Great Horned Owl – A Powerful Raptor

bird feeder plans, great horned owl, bird of prey, raptor, dog, pets

Great Horned Owl - Large Bird of Prey

The owl….  makes most of us think of the “wise old owl”, Halloween, and hoot-hoot. Not me, for I have seen the Great Horned Owl up close.  He is another bird which takes care of his own bird feeder plans. (pun intended)   The Great Horned Owl is a huge bird with a really large beak and big feet with long, thick black talons. One evening just at dusk our daughter and I left the house in the car and we passed a neighbor’s mailbox as I was slowing to stop at the intersection. Out of the corner of my eye, I saw something, but wasn’t sure just what. I put the car into reverse and backed up and we were staring face to face at eye level with an owl that had to have been two feet tall standing on the mailbox.

He didn’t move, he just stared, and I was glad the windows were up for I wasn’t so sure he wouldn’t have come into the car after us. I had seen him in the weeks before high in a pine tree near our home. I could tell he was large, but up close he was simply frightening.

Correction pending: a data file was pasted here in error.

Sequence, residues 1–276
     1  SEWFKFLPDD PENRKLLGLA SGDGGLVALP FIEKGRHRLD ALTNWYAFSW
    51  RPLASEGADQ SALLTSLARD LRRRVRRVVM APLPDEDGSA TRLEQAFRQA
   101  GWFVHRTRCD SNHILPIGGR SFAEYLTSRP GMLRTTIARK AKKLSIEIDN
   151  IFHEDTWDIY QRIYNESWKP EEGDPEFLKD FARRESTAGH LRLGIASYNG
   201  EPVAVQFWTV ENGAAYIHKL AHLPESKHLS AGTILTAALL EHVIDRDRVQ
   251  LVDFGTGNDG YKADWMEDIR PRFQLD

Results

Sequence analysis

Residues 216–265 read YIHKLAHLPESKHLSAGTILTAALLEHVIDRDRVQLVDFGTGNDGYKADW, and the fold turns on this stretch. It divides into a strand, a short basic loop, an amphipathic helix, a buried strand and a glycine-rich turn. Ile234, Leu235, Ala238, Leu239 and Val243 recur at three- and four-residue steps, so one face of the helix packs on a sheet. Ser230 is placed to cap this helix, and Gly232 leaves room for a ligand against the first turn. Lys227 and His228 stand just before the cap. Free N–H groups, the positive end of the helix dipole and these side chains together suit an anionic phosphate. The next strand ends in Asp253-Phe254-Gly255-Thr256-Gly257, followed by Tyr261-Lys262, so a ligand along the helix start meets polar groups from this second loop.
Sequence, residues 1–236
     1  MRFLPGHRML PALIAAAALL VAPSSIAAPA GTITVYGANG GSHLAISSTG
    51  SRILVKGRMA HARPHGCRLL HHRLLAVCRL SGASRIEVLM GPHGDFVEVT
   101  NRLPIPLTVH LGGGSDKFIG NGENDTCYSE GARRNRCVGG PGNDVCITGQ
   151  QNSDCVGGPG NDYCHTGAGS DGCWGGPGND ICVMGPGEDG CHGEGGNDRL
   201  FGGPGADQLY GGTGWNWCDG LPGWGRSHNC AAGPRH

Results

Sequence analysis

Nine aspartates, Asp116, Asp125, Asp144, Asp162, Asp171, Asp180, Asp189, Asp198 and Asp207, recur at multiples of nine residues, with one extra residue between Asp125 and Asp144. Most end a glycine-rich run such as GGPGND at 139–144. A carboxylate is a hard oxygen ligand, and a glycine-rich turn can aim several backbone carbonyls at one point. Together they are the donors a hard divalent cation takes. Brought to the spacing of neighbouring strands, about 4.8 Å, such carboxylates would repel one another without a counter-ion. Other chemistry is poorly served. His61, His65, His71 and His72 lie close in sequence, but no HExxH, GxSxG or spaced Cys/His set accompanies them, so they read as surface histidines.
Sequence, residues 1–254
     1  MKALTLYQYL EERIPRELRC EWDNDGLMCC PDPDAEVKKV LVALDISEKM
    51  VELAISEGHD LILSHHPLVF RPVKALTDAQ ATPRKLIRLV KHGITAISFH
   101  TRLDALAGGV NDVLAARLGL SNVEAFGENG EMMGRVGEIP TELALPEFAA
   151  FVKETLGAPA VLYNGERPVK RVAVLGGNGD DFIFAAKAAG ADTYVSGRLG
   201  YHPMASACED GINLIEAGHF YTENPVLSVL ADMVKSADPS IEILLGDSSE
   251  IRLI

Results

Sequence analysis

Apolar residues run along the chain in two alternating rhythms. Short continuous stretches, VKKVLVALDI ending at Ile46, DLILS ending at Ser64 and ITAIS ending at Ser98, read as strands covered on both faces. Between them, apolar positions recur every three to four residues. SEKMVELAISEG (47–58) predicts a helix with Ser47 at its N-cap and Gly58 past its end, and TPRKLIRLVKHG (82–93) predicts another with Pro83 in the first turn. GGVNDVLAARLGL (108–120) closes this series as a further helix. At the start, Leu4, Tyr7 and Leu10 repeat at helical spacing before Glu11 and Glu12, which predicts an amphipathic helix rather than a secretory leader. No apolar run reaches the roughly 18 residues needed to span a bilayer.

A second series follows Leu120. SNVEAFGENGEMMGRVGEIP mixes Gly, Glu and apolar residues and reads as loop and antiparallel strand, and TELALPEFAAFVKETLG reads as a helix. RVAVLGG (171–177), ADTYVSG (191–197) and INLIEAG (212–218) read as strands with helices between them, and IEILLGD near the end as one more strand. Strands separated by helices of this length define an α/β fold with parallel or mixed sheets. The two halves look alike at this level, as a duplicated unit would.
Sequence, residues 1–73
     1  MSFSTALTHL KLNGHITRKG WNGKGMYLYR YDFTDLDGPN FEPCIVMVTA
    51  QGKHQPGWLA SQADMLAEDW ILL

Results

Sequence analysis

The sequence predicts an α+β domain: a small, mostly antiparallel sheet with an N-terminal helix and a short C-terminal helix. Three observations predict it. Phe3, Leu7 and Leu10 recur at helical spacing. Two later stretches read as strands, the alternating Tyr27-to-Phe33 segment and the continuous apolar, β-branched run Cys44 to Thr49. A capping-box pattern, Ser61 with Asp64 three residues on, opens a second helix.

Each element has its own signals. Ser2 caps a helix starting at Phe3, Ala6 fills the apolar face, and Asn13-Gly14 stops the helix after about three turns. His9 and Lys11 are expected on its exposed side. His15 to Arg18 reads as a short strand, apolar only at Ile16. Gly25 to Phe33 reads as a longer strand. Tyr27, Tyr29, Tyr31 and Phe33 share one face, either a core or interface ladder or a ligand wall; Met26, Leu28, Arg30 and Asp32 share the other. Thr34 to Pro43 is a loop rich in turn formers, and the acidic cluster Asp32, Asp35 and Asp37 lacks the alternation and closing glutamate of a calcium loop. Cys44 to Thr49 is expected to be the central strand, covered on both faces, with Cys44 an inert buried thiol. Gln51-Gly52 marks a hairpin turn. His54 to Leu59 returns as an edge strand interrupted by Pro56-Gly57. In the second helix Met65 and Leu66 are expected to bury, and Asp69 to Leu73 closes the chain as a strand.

He was so alarming, I found myself sharing the story with friends. One of those friends had raised and studied these owls back in the eighties. When I described this creature, she immediately knew exactly what I was talking about and shared a little tip with me. She said, “You do know his beak is so strong, he can snap a broom handle in two.”  Then she added, “I wouldn’t let Minnie outside unless you are right there with her.”

Minnie was our miniature dachshund weighing less than ten pounds. We had nicknamed her minnie-rat, because she was about the size of a wharf rat. I had already been thinking the same thing, and she confirmed it. Needless to say, Minnie was always accompanied outside after that and I always stood close enough to her hoping our neighborhood raptor wouldn’t be brave enough to come down with me standing there.

Read on to see what is going on in New Mexico according to the News website,


When Giant Owls Attack: Dog Owners Blame Birds For Death

November 11, 2011